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CANADA: Vancouver based non-profit, the New Leaf Project, is starting an unconditional cash transfer pilot study this Summer

Claire Williams and Frans Tjallingii

A new non-profit organization named the New Leaf Project (NLP) is on the verge of starting a direct unconditional cash transfer program in Vancouver, Canada. This program, designed as a test pilot, is set to start in late summer, and will disburse a one-time cash grant of 7500 CAN$ to 50 recently homeless people.

 

Co-founders Frans Tjallingii and Claire Williams started building the project in October 2015, after Frans finished reading Rutger Bregman’s Utopia for Realists. From there they set up to presente their idea to economists, researchers and leaders in the social services sector. Many got excited and supported the project. Frans and Claire also got in touch with GiveDirectly, a New York based charity NGO, for advice on how to run the cash transfer trial in Vancouver. Another important partnership is with Assistant Professor at the University of British Columbia, Dr. Jiaying Zhao, whose primary line of research examines the cognitive causes and consequences of poverty. The NLP has also made formal agreements with social service organizations such as the Lookout Emergency Aid Society, an NGO dedicated to homeless people relief.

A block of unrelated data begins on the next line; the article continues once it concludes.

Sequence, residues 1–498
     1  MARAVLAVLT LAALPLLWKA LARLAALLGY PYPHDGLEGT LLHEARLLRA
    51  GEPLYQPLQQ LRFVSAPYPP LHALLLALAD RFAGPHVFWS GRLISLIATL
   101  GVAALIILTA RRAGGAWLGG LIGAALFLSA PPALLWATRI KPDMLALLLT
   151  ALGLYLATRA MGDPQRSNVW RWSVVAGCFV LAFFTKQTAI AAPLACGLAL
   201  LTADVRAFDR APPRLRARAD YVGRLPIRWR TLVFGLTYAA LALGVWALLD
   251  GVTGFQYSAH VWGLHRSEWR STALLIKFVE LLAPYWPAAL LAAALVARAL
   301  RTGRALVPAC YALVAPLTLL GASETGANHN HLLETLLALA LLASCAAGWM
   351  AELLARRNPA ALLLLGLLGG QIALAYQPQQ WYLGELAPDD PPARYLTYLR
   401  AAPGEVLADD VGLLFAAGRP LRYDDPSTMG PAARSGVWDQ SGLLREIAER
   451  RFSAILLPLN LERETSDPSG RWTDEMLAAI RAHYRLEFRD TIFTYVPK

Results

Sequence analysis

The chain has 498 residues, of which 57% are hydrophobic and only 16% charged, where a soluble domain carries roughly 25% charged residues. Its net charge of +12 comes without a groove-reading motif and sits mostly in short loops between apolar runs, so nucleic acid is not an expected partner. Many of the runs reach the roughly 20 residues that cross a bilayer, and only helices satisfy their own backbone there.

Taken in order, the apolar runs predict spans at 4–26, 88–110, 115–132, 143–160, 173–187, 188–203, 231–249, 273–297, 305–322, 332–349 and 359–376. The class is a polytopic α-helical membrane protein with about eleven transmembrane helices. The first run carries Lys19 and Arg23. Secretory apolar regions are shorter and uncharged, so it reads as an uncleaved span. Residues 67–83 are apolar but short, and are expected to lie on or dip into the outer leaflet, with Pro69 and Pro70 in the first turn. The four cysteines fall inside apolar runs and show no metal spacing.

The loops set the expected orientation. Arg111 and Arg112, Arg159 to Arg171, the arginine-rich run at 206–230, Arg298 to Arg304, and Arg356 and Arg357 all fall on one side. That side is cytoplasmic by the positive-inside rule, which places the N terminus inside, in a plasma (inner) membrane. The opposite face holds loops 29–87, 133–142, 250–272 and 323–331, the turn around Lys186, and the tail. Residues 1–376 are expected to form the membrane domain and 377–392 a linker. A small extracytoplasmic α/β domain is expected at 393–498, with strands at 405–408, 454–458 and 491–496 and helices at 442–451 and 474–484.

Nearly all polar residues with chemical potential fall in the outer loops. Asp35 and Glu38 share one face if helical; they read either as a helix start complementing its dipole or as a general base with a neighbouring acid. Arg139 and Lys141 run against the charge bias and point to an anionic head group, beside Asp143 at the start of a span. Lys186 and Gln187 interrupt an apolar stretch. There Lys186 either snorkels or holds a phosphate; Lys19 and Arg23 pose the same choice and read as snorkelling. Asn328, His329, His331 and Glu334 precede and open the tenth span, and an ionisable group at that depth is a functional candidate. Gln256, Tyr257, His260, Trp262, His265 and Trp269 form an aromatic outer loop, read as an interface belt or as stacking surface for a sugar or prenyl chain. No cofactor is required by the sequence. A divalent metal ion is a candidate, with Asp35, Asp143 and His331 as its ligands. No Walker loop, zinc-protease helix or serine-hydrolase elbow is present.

After doing research work on previous cash transfers trials and on available literature on the subject, the coordinators at the NLP assert that “direct cash transfers offer a powerful alternative to their status quo”. The pilot project will include 50 individuals, who will be selected according to a set of criteria. The grant is made unconditionally in the sense that it does not impose any conditions on how it is spent by participants. The selection criteria have been designed to “support participants to the highest degree possible, assess their readiness for change and reduce the risk of harm”. Criteria include length of time a person has been homeless, a willingness to work and level of functionality.

 

The NLP test pilot